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Example 24 Gene Expression and Glycome Profiling of Human Embryonic Stem Cells Results and Discussion

Obtaining of the gene expression data from the hESC lines FES 21, 22, 29, and 30 has been described (Skottnan et al., 2005) and the present data was produced essentially similarity. The results of the gene expression profiling analysis with regard to a selection of potentially glycan-processing and accessory enzymes are presented in Table 42, where gene expression is both qualitatively determined as being present (P) or absent (A) and quantitatively measured in comparison to embryoid bodies (EB) derived from the same cell lines.

Fucosyltransferase expression levels. Three fucosyltransferase transcripts were detected in hESC: FUT1 (α1,2-fucosyltmmsferase; increased in all FES cell lines), FUT4 (α1,3-fucosyltransferase IV; increased in all FES cell lines), and FUT8 (N-glycan core α1,6-fucosyltransferase).

Hexosaminyltransferase expression levels. The following transcripts in the selection of Table 42 were detected in hESC: MGAT3, MGAT2 (increased in three FES cell lines), MGAT1, GNT4b, β3GlcNAc-T5, β3GlcNAc-T7, β3GlcNAc-T4 (present in two FES cell lines), β6GlcNAcT (increased in one FES cell line), iβ3GlcNAcT, globosideT, and α4GlcNAcT (present in two FES cell lines).

Other gene epression levels. The following transcripts in the selection of Table 42 were detected in hESC: AER1 (increased in all FES cell lines), AGO61, β3GALT3, MAN1C1, and LGALS3.

Example 25 Analysis of Human and Murine Fibroblast Feeder Cells

Murine (mEF) and human (hEF) fibroblast feeder cells were prepared and their N-glycan fractions analyzed as described in the preceding Examples.

Results and Discussion

FIG. 43 shows the major neutral N-glycan fraction glycan signals of hEF and mEF. FIG. 44 shows the glycan grouping of neutral N-glycan fraction glycan signals of hEF and mEF. FIG. 45 shows the glycan grouping of acidic N-glycan fraction glycan signals of hEF and mEF. The mEF and hEF cells differed significantly from each other in their glycan profiles.

The results showed that mEF and hEF cellular N-glycan fractions differ significantly from each other. The differencies include differential proportions of glycan groups, major glycan signals, and the glycan profiles obtained from the cell samples. In addition, the major difference is the presence of Galα3Gal epitopes in the mEF cells, as discussed in the preceding Examples of the present invention.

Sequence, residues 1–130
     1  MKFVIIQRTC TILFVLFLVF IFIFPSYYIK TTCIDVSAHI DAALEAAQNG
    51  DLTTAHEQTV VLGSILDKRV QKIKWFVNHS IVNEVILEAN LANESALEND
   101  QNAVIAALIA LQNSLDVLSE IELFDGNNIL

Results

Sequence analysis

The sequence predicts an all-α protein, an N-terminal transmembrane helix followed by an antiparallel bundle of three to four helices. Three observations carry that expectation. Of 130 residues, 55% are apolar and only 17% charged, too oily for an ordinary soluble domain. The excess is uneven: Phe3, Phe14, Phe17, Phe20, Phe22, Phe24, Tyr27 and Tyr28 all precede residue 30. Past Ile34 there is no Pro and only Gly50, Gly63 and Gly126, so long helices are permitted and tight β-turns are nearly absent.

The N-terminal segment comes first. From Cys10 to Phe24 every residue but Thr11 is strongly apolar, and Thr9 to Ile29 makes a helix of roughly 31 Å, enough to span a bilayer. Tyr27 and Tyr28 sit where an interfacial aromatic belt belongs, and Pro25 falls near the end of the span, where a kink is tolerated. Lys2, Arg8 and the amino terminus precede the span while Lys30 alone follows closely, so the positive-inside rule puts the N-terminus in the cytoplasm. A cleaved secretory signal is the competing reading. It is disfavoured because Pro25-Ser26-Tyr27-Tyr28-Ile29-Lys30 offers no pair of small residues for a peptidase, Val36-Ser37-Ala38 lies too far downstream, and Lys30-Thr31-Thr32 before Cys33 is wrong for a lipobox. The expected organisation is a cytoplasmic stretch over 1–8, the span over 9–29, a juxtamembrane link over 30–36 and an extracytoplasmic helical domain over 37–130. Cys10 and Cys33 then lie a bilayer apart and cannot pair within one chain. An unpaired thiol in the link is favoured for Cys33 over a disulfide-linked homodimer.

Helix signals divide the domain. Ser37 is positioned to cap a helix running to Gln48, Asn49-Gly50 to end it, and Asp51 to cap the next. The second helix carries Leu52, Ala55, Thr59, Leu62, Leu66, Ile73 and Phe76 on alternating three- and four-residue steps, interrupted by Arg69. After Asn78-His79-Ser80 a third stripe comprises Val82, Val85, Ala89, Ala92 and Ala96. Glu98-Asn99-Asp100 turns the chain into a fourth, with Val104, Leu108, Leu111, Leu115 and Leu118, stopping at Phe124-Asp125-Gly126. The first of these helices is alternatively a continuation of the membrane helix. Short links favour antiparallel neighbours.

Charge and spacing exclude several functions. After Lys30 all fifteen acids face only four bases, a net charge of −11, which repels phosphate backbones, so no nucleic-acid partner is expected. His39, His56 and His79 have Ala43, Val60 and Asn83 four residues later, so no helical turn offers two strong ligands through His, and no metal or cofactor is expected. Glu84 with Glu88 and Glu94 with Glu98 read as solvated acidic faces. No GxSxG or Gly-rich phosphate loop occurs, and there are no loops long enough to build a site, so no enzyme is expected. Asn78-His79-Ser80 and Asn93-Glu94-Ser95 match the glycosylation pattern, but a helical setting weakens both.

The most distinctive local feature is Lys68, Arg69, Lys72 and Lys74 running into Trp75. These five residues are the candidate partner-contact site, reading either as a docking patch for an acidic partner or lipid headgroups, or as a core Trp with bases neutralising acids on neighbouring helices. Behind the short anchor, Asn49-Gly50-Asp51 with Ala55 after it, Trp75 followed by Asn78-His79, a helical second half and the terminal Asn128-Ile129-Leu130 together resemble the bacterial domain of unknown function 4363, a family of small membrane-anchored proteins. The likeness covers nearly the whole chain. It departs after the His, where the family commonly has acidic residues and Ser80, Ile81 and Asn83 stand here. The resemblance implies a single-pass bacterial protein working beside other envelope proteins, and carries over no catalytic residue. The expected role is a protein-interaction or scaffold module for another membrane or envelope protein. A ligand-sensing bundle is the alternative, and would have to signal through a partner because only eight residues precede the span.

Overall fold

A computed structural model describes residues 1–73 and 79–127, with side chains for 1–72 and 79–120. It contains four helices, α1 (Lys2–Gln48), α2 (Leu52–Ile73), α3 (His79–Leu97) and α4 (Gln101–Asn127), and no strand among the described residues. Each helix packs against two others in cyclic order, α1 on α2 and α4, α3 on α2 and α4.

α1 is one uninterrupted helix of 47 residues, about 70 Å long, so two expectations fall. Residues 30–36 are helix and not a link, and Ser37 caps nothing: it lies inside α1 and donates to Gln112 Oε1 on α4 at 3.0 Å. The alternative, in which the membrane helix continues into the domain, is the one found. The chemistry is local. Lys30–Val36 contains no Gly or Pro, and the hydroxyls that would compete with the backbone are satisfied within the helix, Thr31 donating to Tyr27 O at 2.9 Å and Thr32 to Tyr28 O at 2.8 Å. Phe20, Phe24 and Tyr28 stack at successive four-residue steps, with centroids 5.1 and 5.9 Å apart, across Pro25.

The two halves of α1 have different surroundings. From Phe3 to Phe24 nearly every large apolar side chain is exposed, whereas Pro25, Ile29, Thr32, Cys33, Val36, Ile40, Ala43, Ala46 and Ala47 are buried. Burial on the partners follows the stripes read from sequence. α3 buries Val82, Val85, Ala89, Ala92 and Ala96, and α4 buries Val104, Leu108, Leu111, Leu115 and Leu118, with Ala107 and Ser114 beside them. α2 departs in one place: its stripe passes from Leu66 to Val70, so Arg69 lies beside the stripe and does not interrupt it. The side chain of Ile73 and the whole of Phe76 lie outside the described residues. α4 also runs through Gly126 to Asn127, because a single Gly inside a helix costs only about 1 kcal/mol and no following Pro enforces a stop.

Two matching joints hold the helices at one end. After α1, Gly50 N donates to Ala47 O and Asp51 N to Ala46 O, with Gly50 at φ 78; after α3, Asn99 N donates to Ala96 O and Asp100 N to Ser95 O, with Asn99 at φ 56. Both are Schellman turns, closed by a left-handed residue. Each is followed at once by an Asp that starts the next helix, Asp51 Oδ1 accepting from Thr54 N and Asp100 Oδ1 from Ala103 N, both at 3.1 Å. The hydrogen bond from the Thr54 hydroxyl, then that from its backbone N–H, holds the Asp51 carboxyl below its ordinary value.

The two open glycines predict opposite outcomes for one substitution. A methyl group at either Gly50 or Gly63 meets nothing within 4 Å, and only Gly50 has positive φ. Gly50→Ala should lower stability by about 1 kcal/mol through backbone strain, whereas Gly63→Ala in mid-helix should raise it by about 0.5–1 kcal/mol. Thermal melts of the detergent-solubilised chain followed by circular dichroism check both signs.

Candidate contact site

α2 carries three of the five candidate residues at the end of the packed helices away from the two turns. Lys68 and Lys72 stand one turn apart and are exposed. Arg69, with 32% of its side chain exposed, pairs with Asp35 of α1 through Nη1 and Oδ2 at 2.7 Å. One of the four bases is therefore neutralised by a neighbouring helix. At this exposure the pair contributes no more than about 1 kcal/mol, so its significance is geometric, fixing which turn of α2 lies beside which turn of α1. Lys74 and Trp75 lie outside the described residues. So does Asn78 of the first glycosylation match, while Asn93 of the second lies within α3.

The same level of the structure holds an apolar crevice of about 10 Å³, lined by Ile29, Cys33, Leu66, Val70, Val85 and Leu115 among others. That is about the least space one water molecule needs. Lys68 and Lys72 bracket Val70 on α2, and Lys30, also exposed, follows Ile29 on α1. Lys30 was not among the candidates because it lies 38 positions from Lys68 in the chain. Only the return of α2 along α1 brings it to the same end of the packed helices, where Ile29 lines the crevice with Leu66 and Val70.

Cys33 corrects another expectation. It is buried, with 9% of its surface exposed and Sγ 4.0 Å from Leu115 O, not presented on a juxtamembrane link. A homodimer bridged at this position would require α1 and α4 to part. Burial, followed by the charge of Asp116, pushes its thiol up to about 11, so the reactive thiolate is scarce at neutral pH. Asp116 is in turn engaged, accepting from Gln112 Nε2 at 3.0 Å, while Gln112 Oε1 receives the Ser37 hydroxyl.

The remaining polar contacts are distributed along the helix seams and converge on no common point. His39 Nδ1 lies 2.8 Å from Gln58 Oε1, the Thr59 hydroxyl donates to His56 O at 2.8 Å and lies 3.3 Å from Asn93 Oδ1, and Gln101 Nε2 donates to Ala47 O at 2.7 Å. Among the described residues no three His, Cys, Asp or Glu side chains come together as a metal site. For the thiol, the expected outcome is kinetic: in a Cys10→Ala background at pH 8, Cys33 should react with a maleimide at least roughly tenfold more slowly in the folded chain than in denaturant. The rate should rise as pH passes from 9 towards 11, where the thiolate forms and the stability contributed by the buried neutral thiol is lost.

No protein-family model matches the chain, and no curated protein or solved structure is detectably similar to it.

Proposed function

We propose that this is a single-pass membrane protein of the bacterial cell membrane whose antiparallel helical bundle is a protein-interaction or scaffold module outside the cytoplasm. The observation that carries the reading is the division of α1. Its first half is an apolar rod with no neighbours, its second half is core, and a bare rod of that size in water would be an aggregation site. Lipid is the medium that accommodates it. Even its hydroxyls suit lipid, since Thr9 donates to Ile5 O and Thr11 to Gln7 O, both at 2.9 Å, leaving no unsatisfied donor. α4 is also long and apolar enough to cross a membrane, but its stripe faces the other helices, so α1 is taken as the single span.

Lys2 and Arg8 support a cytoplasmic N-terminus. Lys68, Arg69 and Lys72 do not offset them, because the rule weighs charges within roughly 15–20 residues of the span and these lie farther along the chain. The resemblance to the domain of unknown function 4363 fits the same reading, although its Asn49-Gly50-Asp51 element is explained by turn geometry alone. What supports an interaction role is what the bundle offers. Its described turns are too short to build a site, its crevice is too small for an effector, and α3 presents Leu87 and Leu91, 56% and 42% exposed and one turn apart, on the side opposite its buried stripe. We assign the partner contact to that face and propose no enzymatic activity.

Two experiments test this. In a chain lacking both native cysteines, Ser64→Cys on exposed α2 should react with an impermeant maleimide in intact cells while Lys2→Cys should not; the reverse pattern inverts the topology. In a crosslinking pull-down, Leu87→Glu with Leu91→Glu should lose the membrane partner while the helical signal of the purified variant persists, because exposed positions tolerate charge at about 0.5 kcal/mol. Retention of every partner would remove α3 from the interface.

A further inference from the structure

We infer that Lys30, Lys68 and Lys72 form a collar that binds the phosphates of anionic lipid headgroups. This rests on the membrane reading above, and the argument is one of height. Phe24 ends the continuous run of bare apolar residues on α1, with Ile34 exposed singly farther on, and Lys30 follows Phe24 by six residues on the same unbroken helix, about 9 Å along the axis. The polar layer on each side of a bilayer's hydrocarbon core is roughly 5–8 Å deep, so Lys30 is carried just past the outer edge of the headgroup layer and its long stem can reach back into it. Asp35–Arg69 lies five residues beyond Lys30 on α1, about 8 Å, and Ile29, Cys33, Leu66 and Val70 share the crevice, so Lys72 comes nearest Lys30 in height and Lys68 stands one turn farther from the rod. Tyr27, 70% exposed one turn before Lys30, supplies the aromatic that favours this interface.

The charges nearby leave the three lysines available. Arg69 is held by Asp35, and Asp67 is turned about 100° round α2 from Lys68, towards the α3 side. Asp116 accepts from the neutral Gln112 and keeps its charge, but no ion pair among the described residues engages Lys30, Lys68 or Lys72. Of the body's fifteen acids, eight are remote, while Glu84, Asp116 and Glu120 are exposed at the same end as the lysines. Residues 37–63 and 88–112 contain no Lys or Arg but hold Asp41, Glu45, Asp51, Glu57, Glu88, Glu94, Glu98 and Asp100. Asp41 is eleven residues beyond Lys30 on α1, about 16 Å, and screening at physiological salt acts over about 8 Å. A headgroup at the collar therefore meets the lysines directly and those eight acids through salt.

Example 26 The glycome of Human Embryonic Stem Cells Reflects Their Differentiation Stage Summary

Complex carbohydrate structures, glycans, are elementary components of glycoproteins, glycolipids, and proteoglycans. These glycoconjugates form a layer of glycans that covers all human cell surfaces and forms the first line of contact towards the cell's environment. Glycan structures called stage specific embryonic antigens (SSEA) are used to assess the undifferentiated stage of embryonic stem cells. However, the whole spectrum of stem cell glycan structures has remained unknown, largely due to lack of suitable analysis technology. We describe the first global study of glycoprotein glycans of human embryonic stem cells, embryoid bodies, and further differentiated cells by MALDI-TOF mass spectrometric profiling. The analysis reveals how certain asparagine-linked glycan structures characteristic to stem cells are lost during differentiation while new structures emerge in the differentiated cells. The results indicate that human embryonic stem cells have a unique glycome and that their differentiation stage can be identified by glycome analysis. We suggest that knowledge about stem cell specific glycan structures can be used for e.g. purification, manipulation, and quality control of stem cells.

Materials & Methods

Human embryonic stem cell lines. Four Finnish hESC lines, FES 21, FES 22, FES 29, and FES 30 (Skottman et al., 2005. Stem cells 23:1343-56) were used in the present study. These lines are included in the International Stem Cell Initiative (Andrews et al., 2005. Nat. Biotechnol. 23:795-7). The cells were propagated on human foreskin fibroblast (hFF) feeder cells in serum-free medium (Knockout™, Gibco/Invitrogen). In FACS analyses 70-90% of cells from mechanically isolated colonies were typically Tra 1-60 and Tra 1-81 positive (not shown). Cells differentiated into embryoid bodies (EB, stage 2 differentiated) and further differentiated cells grown out of the EB as monolayers (stage 3 differentiated) were used for comparison against hESC. The differentiation protocol favors the development of neuroepithelial cells while not directing the differentiation into distinct terminally differentiated cell types (Okabe et al., 1996. Mech. Dev. 59:89-102). EB derived from FES 30 had less differentiated cell types than the other three EB. Stage 3 cultures consisted of a heterogenous population of cells dominated by fibroblastoid and neuronal morphologies. For the glycome studies the cells were collected mechanically, washed, and stored frozen until analysis.